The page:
• Woodside Ltd, the project’s lead partner, has sought and received government approval to extend the deadline of the BJV’s ‘Final Investment Decision’ until mid-2013, conveniently after the upcoming State election;
  • The deadline for finalisation of the environmental impact assessment process, being conducted jointly by the State and Federal governments, keeps being pushed back as independent scientists continue to expose inadequacies in the studies done by the WA government and Woodside;
  • Repeated attempts by the WA government to compulsorily acquire the ‘native title’ rights of the Indigenous Traditional Owners of the James Price Point site have so far been unsuccessful;
  • The recent entry of Mitsubishi and Mitsui into the BJV has led several industry analysts to state that it is now even more likely that the Browse gas will be piped to existing LNG facilities further south in the Pilbara region, rather than being processed at a new facility at James Price Point in the Kimberley.

In the latest example of the inept environmental impact assessment, the project proponents have been caught out trying to significantly understate the amount of dredging that will be required to construct a huge new deep water port at James Price Point.

James Price Point; site of proposed LNG processing facility and deep water port; Premier Barnett sends in riot squad to quell local  community protests, July 2011
Left: James Price Point, site of proposed LNG processing facility and deep water port. Right: Premier Barnett sends in riot squad to quell local community protests, July 2011.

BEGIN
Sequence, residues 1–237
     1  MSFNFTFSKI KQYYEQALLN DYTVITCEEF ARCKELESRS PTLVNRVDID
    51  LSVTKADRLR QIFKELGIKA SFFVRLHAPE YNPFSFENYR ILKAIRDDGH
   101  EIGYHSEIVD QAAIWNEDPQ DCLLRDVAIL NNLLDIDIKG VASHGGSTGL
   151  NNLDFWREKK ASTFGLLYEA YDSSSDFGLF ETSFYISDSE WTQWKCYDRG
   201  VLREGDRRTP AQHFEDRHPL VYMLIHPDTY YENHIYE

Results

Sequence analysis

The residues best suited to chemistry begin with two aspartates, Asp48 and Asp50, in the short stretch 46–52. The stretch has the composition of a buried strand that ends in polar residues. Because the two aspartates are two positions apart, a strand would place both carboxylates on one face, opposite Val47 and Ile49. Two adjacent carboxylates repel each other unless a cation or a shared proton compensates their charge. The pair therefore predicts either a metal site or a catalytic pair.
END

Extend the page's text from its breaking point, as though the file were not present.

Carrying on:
The next major events in this long-running saga will be the decisions of the WA and Federal Environment Ministers on whether or not to grant environmental approval to the James Price Point project.

These decisions are now expected in the second half of 2012 and conservation groups are cautiously optimistic that, in light of the gross inadequacy of the environmental reports and studies submitted for assessment, one or both Environment Ministers will reject the project, despite the political ‘heat’ this will create.

Even if the Ministers cave-in to political pressure to approve the project there are many more hurdles in the way of any actual project commencement, including the likelihood of several more legal challenges, as well as further blockades and arrests on site.

So, after years of sustained opposition and protest, the project is still a long way from being a done deal. But the community has not won yet and it is vital that pressure continues to be put on companies like Chevron to ensure this project never goes ahead in this location or anywhere else on the amazing Kimberley coast.

Chevron has long been considered one of the three or four companies that would prefer not to have to spend US$10 Billion extra on building a new gas hub at James Price Point, compared with the cost of piping the gas to its existing coowned LNG facility in the Pilbara region — North West Shelf LNG.

Australian conservation groups, Traditional Owners and local communities call on Chevron to ‘do the right thing’ and reject investment in the destructive and unnecessary LNG plant at James Price Point.

We await your response to our request.

Yours faithfully,
Peter Robertson
State Coordinator
The Wilderness Society (WA)

This post originally appeared on City Brights.